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Home   /   The European Super League was gross, but not all opponents should be so proud
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The universally maligned European Super League appears to be dead, for now, after 9 of the twelve clubs officially dropped out. Fine. Good. It was barefaced greed by some of the already-richest people in football.

But we cannot pretend that football (AKA “Our Beautiful Game”) was a haven for morality and egalitarianism before this. It may be a net positive that collective action brought change, but this was no David vs Goliath battle, more a collection of Goliaths co-opting David in their battle against other Goliaths.

The chorus of pious disapproval and PR band-wagoning was almost as unedifying as the proposed breakaway itself, as many seem to be comfortable with greed in football as long as they are benefiting.

UEFA president Aleksander Ceferin was vociferous in denouncing Juventus’ Andrea Agnelli and Manchester United’s Ed Woodward as “snakes” while expressing his wish to ban all those involved from the Champions League, and thanked FIFA president Gianni Infantino for showing “you care about the values of football” with his support at Tuesday’s UEFA congress.

But what are those values? Both men’s predecessors were banned for a “disloyal payment” and both organisations have debatable tournament plans of their own which would benefit them financially. As Jurgen Klopp told Sky Sports before Liverpool faced Leeds on Monday. “If you (talk) about the clubs, it’s about money. What do you think it’s (about) with UEFA? FIFA wants a Club World Cup… that’s about money, nothing else.”

Sky Sports and Everton were each particularly vocal, as if their instrumental roles in the break-away formation of the original “Premiership” in 1992 had never happened. There are differences between then and now but also many similarities, something Jamie Carragher, to his credit, mentioned on Monday night in asking: “Are we hypocrites? Are we wrong?”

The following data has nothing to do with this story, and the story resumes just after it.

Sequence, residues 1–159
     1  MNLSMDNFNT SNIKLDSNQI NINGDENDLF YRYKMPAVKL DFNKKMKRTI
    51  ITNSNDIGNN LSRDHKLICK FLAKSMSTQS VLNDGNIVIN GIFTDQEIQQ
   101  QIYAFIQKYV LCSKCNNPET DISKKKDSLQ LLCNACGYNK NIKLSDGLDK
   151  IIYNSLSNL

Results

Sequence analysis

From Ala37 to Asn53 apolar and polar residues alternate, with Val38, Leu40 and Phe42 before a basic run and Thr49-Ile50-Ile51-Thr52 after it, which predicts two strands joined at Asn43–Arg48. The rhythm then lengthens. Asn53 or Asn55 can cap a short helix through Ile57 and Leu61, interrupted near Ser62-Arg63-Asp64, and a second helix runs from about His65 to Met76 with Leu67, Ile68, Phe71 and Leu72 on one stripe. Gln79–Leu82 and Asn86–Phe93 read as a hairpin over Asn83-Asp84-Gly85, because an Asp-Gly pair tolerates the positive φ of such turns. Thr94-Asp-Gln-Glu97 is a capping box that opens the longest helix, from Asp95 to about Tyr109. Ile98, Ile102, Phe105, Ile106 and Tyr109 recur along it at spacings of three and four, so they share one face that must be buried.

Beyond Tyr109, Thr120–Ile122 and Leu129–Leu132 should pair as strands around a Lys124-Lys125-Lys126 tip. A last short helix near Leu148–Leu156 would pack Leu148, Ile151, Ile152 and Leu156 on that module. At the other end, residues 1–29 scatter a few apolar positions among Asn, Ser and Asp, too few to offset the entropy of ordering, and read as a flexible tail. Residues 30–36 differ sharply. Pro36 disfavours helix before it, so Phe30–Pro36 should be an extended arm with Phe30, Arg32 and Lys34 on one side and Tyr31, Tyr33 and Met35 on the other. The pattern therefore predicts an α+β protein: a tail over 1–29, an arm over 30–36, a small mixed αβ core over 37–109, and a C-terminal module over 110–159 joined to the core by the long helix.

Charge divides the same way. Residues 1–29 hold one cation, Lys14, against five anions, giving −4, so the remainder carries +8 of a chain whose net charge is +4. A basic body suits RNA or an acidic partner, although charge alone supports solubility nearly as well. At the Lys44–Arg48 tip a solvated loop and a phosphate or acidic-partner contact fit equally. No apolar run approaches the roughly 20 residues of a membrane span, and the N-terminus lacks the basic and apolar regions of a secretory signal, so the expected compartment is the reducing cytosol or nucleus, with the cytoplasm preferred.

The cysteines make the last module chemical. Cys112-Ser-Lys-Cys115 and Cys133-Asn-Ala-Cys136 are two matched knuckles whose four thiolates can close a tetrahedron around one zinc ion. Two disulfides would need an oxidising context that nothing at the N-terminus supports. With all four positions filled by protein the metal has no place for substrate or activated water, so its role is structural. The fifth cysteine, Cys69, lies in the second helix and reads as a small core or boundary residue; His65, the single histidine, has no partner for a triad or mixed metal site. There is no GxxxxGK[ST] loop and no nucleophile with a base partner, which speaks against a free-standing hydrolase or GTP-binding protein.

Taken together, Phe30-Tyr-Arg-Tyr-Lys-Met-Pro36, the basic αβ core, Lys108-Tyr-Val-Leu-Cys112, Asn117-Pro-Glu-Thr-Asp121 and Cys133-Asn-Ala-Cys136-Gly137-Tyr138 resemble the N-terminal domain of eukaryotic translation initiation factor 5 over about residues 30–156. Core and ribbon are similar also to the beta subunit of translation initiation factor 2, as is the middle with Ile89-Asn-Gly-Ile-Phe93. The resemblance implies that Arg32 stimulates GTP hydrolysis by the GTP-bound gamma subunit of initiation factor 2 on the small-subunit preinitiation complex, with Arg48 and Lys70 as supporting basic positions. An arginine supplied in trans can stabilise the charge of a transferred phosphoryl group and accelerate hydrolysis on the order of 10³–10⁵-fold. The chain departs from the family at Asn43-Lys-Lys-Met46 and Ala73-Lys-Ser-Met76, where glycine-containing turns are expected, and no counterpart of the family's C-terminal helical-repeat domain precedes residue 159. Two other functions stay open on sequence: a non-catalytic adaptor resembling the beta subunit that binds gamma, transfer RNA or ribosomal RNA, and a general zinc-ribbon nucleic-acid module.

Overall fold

West Ham were touting their working-class origins in a statement of opposition, while Newcastle piled up the likes on social media showing their own. This is the same West Ham who abandoned their traditional home at Upton Park for a tax-payer subsidised residency at the Olympic Stadium against fans’ wishes. And the same Newcastle who had to refund the season ticket holders they had continued charging for seven months last year during lockdown.

The examples pile up but Boris Johnson, beset by accusations of cronyism over the awarding of government contracts, terming the Super League a “cartel” which “offend the basic principles of competition” might be the pick of the bunch.

But perhaps the biggest cloud to be pulled from this silver lining, was articulated by Patrick Bamford after the Monday game: “It’s amazing the amount of uproar… when somebody’s pockets are being hurt. It’s a shame it’s not like that with… racism and stuff like that.”

None of this is to let the breakaway owners off the hook, but amid the self-congratulations everyone might benefit from having a look in the mirror. There have been some conveniently short memories recently, and if the status quo returns it will be telling if that continues.

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